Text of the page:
Life insurance: Deepak Sood
I am 25 and earn Rs 22,000 a month. Which insurance plan should I buy?
That would depend on your objective for buying insurance. There are different insurance plans designed to offer various benefits ranging from pure protection, health protection, savings plans and savings for retirement. Within savings plans, there are traditional plans and unit-linked plans (or Ulips). You should choose one or more plans depending on your objectives and priorities.
As a rule of thumb, your first priority should be to provide adequate financial security to your family and dependents in case of your untimely demise, then provide for any health emergencies with comprehensive health insurance. Any balance savings can be invested in long-term savings plans.
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I work in a public sector bank and will retire after 15 years. How do I choose among the pension products available in the market? Should I invest in the new pension scheme (NPS)? Or, is it essential to opt specifically for a pension plan, which fund houses and insurers provide?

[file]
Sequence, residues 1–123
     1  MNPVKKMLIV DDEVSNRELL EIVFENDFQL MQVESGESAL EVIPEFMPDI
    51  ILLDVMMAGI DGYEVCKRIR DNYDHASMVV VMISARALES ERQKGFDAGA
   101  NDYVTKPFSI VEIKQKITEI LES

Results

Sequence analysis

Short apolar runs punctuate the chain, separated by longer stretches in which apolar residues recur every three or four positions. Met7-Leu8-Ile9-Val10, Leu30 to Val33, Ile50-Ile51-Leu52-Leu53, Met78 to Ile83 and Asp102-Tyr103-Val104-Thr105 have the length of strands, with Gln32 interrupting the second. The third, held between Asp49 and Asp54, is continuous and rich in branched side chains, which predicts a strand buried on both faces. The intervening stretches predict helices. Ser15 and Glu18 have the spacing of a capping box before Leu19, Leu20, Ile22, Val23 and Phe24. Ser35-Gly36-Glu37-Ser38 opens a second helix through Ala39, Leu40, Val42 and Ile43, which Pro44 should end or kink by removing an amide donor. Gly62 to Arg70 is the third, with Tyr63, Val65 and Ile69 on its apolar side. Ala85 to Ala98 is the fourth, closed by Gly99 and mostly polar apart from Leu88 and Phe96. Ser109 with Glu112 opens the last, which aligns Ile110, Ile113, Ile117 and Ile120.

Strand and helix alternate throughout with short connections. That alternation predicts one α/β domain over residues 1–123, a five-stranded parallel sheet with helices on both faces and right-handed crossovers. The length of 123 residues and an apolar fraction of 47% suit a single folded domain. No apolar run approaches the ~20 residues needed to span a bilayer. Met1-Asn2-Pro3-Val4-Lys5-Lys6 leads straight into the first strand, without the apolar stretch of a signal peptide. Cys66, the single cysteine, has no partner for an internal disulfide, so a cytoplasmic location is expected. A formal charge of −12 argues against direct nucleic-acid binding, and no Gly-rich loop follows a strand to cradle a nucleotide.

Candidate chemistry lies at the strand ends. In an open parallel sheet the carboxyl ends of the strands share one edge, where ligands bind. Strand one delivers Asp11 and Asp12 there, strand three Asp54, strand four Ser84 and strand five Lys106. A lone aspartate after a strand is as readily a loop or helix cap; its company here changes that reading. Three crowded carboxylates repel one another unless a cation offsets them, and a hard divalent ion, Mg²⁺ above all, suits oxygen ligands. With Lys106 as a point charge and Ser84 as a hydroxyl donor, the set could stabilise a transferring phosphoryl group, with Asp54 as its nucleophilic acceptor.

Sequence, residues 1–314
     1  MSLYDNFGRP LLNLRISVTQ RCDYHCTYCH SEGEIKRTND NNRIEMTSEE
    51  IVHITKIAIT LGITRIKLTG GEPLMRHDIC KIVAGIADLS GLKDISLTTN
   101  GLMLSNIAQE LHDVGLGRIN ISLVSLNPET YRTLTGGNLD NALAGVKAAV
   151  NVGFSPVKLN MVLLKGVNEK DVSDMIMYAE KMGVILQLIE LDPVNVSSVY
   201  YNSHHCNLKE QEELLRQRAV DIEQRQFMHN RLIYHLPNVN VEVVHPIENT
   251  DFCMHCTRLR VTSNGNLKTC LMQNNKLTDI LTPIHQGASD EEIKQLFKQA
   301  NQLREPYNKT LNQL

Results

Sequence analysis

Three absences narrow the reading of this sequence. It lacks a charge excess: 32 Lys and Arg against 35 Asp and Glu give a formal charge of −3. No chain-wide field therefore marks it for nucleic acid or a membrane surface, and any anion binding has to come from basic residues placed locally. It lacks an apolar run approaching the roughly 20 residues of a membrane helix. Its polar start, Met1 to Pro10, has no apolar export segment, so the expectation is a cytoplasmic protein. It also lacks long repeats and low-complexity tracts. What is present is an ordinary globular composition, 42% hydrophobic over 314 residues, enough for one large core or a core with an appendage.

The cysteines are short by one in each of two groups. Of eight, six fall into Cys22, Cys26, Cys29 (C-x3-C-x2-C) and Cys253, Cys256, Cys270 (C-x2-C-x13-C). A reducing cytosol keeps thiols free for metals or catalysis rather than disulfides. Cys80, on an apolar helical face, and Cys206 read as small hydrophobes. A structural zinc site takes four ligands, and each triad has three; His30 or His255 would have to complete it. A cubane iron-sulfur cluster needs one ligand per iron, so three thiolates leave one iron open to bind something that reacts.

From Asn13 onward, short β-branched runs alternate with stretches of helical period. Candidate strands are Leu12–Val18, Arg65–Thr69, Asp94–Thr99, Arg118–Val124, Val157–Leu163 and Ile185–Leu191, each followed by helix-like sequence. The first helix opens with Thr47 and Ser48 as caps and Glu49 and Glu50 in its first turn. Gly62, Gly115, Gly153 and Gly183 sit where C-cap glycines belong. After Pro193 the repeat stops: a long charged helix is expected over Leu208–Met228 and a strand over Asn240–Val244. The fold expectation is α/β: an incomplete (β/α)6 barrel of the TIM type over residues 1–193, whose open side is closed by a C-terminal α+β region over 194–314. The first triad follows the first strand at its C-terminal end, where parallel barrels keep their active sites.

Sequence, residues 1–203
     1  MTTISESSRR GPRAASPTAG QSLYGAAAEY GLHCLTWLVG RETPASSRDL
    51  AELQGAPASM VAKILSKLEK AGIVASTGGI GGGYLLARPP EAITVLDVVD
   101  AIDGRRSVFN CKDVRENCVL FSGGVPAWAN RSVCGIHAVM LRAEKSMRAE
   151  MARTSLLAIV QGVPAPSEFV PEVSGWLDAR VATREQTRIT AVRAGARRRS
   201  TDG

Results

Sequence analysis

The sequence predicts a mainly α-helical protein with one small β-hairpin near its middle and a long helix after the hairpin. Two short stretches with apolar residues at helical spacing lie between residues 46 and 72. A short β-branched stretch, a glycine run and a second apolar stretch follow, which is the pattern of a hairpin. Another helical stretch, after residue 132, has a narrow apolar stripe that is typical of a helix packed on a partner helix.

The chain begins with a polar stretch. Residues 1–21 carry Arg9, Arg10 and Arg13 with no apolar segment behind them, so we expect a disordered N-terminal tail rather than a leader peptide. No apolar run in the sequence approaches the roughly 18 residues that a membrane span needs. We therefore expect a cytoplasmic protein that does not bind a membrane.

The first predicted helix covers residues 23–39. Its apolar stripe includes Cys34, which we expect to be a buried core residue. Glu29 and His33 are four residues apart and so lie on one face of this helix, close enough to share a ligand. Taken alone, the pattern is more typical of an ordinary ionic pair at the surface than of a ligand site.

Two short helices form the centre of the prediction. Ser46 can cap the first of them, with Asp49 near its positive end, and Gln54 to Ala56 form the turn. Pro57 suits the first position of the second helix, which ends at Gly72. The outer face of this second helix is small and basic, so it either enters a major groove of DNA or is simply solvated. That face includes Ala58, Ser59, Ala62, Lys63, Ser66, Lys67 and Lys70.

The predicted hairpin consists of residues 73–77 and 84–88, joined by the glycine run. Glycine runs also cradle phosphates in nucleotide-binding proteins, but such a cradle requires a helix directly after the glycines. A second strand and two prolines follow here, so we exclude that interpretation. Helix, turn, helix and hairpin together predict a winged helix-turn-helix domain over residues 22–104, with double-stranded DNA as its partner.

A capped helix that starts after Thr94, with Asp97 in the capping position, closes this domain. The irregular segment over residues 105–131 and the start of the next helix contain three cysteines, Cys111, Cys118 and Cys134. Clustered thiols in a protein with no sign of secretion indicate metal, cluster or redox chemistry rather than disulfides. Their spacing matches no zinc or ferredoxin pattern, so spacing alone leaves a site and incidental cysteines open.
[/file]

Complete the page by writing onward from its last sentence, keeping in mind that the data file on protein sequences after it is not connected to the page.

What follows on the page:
Since you have 15 years to retire, this is a good time to plan for retirement. It would give you significant time to cope and save for future inflation. I would recommend you study all the available products, understand them and take an informed decision. It is difficult to say what plan exactly you should choose, as that would depend on your specific requirement and future plans. Pension plans offered by insurance companies are not available in the market right now. I would recommend you look at specific product offerings as well as past fund performances of various companies before you decide.
With regard to the NPS, this comes close to a personalised investment opportunity in which you make choices relating to the fund manager and the risk profile. But, in terms of flexibility to invest in equity, the scheme has its own limitations. This is because there is a cap of 50 per cent on the contribution you can allocate in equity.
If you compare the scheme with other retirement schemes such as public provident fund and employee provident fund, it is not tax-friendly. However, the management charge on the NPS is very low compared to other funds.
My 29-year old sister has polio. She earns Rs 11,000 monthly. She wishes to get herself insured and not be dependent on anybody. What kind of plan(s) should she go for?
Savings products such as endowment and money back policies (without riders) are generally offered to a person facing physical challenges who has an earned and verifiable income. An appropriate extra premium is charged based on the extent of the physical challenge/s faced by the individual.
The writer is the MD & CEO of Future Generali Life Insurance